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Earlier this week, we noted that Apple has begun allowing users on older versions of iOS to download older versions of their previously purchased apps. This feature exists because some iOS users are running hardware that no longer supports newer versions of App Store applications. At launch, this feature was auto-activated for all developers, and these developers were not able to manage what users on older hardware could download. Now, Apple has informed developers that they could manage the availability of their legacy software:

Previous versions of your apps are now available for re‑download by users who have already purchased them, allowing customers to use your apps with older devices which may no longer be supported by the current version of your app. If you do not wish to make these versions available, you can manage the availability of your apps’ previous versions in the Rights and Pricing section of the Manage Your Apps module in iTunes Connect.

Apple says that developers can conduct the app availability management via iTunes Connect, the web portal where all app management is conducted by developers.

The ability for developers to manage which legacy application versions could be downloaded by customers is critical. Some applications, such as server-based ones, will (on the backend) end support for older versions of applications. If a customer downloaded a legacy application that does not function properly, this would result in a negative user-experience for the customer. Now, developers could choose which of their older app versions is available for customers, making it simple for developers and customers to now avoid these potential issues.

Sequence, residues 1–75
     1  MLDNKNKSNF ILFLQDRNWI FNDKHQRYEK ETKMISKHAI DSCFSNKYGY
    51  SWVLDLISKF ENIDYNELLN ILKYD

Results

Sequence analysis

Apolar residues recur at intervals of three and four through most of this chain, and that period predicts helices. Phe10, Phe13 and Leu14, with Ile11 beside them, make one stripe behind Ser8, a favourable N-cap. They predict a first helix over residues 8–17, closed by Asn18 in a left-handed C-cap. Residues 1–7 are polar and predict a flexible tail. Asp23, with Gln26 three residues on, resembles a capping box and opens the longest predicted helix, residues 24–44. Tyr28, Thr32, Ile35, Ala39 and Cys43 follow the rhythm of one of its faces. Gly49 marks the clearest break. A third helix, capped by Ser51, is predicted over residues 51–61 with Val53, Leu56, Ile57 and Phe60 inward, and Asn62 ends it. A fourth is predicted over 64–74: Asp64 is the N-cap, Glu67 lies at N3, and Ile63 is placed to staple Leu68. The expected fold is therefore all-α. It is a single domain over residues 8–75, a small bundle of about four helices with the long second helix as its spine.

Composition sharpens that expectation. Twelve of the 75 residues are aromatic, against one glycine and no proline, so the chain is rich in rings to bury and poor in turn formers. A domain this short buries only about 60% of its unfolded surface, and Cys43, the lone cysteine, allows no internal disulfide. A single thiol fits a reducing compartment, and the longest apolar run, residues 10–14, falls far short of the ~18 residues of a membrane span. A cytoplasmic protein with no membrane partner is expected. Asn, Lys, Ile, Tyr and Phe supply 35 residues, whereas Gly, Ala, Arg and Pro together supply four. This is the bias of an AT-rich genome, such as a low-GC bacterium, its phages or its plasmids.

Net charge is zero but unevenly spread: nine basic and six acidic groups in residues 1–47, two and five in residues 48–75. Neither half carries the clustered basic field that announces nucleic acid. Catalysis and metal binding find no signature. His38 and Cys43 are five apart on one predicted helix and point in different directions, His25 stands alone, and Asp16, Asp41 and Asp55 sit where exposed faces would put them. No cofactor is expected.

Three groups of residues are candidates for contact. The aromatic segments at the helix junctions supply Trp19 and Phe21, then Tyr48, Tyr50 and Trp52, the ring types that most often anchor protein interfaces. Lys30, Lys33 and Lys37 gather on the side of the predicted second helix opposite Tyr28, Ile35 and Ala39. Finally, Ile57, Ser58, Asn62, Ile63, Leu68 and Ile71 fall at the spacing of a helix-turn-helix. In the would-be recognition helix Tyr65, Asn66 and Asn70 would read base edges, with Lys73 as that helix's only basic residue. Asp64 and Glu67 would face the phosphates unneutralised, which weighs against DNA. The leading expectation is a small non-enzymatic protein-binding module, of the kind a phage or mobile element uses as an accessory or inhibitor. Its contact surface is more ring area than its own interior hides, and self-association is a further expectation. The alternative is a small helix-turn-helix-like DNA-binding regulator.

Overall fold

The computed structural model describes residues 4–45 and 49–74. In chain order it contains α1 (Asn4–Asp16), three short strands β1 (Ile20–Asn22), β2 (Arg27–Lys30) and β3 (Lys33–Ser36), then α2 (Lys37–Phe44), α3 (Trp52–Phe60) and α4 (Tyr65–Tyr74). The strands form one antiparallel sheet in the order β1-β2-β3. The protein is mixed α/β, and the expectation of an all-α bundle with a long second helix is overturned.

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6 Responses to “App Store developers now allowed to manage legacy app availability”

  1. standardpull says:

    Fortunately, most quality developers will continue to allow older versions of their software to be installable. After all, that software is already installed on devices and within their iTunes library. Removing software from the app store doesn’t remove older versions from circulation in any way, shape, or form. It simply erodes the user base.

    Even considering that, some software developers will use this as an opportunity to attempt to force the obsolescence of their already paid for products in order to encourage users to pay for their software again. Not cool.

    As for those developers that have changed or eliminated server-side components – again, removing the availability of the download doesn’t actually eliminate that problem for the current customer base.

    • James Finley says:

      Small note: If an app is API driven, often times those APIs change which causes a need to update said app. Allowing a customer to download a broken version of your app that you already stopped supporting— and released patches for— isn’t good business.

  2. This is great, now we can blame the scumbag app developers for not wanting to support older devices instead of Apple :) Way to go Apple, best move they’ve made in months.

  3. Jim Phong says:

    “Now, developers could choose which of their older app versions is available for customers, making it simple for developers and customers to now avoid these potential issues.”—BUT this doesn’t mean that a developer could submit any new build version for old hardware. So.. how can a developer fix anything it updating apps for old hardware is not allowed?